- "DeLay is driving the agenda," said one senior Republican lawmaker who did not want to be identified because of the sensitivity of talking about internal party matters. "I guess he has to be because he is the only guy who can get this done."
In a closed meeting last Thursday, he was still dominating discussions of policy. And that extends to his nuts-and bolts role in House management:
- Mr. DeLay was serving in his familiar role last Friday, rounding up elusive votes on the floor of the House as Republicans barely staved off defeat of a measure they said would spur construction of oil refineries.
The explanation for this, which you get from spokesmen for more than one House member, is that the guy just gives good advice:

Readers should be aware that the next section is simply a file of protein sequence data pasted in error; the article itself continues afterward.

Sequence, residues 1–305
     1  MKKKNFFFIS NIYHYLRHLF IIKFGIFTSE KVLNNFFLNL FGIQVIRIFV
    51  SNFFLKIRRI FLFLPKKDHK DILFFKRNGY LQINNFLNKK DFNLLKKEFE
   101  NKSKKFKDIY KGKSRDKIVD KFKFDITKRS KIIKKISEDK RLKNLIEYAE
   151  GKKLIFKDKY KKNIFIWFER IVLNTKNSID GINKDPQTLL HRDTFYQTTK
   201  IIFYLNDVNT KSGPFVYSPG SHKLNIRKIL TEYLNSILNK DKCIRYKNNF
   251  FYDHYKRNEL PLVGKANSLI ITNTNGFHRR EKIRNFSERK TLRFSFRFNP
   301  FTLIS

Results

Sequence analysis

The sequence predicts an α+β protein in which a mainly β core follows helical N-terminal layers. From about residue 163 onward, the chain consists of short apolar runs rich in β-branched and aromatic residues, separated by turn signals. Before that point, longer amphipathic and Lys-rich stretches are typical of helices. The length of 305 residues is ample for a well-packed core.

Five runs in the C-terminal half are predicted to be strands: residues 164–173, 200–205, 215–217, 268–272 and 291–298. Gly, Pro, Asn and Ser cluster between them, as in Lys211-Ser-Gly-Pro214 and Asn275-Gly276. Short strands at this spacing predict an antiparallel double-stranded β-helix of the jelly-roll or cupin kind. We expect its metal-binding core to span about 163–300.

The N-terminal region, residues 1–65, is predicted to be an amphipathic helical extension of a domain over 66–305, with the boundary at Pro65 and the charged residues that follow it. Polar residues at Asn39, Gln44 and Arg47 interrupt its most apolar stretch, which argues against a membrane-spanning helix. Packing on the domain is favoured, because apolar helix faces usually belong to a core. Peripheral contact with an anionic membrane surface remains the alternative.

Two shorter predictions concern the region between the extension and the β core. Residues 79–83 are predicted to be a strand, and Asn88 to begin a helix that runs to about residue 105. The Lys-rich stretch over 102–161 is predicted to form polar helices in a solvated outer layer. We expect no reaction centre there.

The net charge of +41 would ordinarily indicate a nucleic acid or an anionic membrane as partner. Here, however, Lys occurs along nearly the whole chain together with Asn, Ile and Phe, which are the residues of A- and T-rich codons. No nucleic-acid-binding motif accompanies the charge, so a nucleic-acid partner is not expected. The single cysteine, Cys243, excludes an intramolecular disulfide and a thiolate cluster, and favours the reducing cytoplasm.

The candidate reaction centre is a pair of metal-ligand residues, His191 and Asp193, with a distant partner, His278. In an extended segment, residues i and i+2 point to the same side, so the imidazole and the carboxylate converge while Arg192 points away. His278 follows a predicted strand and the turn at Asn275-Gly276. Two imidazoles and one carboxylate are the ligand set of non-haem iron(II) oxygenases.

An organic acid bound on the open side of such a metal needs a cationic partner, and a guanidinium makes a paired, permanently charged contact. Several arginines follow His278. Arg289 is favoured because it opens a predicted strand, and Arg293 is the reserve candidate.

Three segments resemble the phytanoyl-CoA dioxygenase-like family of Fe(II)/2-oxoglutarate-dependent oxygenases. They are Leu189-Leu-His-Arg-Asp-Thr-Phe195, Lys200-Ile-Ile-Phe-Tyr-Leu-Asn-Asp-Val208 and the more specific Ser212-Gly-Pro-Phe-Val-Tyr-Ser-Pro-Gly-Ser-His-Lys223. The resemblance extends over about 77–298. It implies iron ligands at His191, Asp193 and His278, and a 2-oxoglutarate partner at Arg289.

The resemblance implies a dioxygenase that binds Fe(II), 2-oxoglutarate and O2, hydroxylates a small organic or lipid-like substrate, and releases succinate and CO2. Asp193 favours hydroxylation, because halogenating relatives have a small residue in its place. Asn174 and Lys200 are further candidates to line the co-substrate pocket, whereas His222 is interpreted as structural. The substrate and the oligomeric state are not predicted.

- "He is still dialed in and gives good counsel, and that is what we are seeking," said John Scofield, a spokesman for Representative Jerry Lewis, the California Republican who is chairman of the Appropriations Committee, in explaining why Mr. Lewis called in Mr. DeLay for advice last week.
Well, gosh darn it, they just don't know what they'd do without him. Fortunately for the Republicans, House members can seek counsel from anybody, even if, for some reason, they're kicked out of the House altogether. So, no matter what happens to DeLay, they'll still be able to contact him and seek his sage advice. As followers of mob literature know, there are precedents for large, economically significant American organizations being run out of prison...